But with the codgers at its center, a depressing consistency would be truly beyond the pale. The dialogue acknowledges that safety net, as these intrepid thieves figure that even if they do get caught, they will at least be guaranteed a bed, three meals a day, and better health care than they are used to. There is a deep well of fantastic realism, or realistic fantasy, as it were, at play. We know Joe, Willie, and Al will get away with it, and it is essentially a victimless crime. Their temptation into a solution of crime is presented less as a trip to the dark side and more as open-mindedness and ingenuity. But surely the loss of millions cannot be so easily brushed off.

It is probably not necessary to take too harsh a moral stance against Going in Style, as I imagine that its target audience understands that stealing is wrong and heists are not so easily pulled off in real life. But it would be preferable if the film had a more clearly discernible message. Is it advocating for getting what you’re owed by any means necessary, becoming a Robin Hood of sorts, or actually just prescribing robbery in extreme circumstances? As it stands, it is a whimsical wisp propelled along by plenty of capable people that tiptoes around some explosive territory.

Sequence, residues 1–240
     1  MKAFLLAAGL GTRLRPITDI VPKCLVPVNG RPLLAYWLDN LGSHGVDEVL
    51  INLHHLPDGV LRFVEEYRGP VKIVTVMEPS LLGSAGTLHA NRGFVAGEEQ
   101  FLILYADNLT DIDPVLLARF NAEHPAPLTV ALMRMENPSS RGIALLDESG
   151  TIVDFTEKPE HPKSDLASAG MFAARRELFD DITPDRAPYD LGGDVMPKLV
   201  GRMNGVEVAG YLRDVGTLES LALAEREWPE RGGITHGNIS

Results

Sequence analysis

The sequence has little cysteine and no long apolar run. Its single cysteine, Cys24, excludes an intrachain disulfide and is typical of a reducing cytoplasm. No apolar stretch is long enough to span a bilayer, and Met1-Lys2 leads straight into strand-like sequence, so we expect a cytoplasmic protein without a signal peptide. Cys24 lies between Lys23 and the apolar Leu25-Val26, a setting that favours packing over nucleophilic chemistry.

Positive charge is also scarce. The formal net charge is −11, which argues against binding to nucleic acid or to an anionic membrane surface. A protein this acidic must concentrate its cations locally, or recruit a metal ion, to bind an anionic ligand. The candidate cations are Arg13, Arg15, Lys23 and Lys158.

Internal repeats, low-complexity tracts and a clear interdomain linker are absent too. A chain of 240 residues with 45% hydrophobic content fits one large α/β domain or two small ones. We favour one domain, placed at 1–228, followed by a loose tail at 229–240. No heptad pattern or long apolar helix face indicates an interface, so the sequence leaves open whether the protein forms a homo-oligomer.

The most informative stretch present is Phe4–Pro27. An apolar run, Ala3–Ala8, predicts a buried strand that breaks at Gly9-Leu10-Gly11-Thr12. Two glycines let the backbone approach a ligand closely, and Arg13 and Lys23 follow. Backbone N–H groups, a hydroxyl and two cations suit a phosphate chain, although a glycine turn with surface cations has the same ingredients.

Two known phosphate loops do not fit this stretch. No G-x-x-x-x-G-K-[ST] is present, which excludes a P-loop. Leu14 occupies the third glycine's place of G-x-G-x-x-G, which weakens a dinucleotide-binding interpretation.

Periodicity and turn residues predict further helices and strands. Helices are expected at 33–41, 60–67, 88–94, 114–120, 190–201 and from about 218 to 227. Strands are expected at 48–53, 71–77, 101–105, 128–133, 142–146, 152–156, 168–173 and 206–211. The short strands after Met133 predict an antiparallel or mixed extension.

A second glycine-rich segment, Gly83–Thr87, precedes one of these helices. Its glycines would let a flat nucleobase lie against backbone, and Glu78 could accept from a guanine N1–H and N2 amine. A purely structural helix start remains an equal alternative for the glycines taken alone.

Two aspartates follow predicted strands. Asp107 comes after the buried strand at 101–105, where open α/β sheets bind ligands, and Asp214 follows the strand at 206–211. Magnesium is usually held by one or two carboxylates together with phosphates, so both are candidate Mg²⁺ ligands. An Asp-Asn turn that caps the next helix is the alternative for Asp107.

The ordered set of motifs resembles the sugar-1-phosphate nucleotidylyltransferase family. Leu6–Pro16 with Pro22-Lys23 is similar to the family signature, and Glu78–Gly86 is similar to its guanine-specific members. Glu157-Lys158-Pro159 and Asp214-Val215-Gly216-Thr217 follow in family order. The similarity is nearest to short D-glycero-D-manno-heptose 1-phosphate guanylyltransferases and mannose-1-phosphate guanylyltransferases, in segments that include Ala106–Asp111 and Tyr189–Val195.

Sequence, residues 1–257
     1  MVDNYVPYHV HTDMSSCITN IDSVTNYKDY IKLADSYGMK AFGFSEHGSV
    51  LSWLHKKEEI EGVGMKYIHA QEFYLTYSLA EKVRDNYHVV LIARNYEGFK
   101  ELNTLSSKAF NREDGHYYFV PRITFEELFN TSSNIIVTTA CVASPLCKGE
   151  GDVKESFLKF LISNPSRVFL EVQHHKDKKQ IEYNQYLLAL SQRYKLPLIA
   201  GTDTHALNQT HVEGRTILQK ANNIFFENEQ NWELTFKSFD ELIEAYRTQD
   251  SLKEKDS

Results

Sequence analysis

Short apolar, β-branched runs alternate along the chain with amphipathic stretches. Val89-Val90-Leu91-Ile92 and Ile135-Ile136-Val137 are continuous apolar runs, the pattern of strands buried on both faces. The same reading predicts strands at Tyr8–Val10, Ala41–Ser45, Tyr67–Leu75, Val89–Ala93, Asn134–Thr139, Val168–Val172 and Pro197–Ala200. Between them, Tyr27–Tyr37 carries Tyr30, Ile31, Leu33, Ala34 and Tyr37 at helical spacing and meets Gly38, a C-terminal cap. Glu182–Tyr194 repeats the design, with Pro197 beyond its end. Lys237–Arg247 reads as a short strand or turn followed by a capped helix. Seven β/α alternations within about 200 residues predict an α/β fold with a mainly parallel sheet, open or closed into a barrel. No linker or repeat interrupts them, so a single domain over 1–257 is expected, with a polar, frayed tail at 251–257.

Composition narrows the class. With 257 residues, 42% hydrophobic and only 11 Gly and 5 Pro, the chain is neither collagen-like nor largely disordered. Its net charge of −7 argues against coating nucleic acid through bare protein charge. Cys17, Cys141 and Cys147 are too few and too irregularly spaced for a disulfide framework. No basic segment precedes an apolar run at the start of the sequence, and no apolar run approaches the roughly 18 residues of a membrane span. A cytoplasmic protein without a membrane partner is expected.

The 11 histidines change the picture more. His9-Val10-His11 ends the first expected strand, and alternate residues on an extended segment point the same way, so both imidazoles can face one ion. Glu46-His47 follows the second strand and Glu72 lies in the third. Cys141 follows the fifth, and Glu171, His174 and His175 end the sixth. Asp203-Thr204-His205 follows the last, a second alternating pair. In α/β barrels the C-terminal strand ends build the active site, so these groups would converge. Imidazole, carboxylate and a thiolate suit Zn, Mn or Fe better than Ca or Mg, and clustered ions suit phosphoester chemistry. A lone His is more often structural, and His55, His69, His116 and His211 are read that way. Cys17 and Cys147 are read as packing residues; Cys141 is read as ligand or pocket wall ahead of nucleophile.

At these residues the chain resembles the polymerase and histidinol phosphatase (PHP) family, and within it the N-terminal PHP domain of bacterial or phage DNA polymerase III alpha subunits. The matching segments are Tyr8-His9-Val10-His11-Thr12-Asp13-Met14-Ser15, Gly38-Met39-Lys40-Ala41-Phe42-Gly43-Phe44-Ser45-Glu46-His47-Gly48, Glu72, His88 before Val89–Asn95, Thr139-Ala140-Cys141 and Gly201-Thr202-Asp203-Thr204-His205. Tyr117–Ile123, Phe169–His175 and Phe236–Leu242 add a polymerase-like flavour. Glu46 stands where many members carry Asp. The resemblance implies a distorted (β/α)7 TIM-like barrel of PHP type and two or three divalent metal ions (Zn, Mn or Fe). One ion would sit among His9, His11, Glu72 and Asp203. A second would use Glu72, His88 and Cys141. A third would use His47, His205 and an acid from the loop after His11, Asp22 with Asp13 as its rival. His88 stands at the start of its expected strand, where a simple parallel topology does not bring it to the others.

Going in Style is Recommended If You Like: Hell or High Water but thought it was missing a dance scene set to “Single Ladies”

Grade: 2.5 out of 5 “Young Men”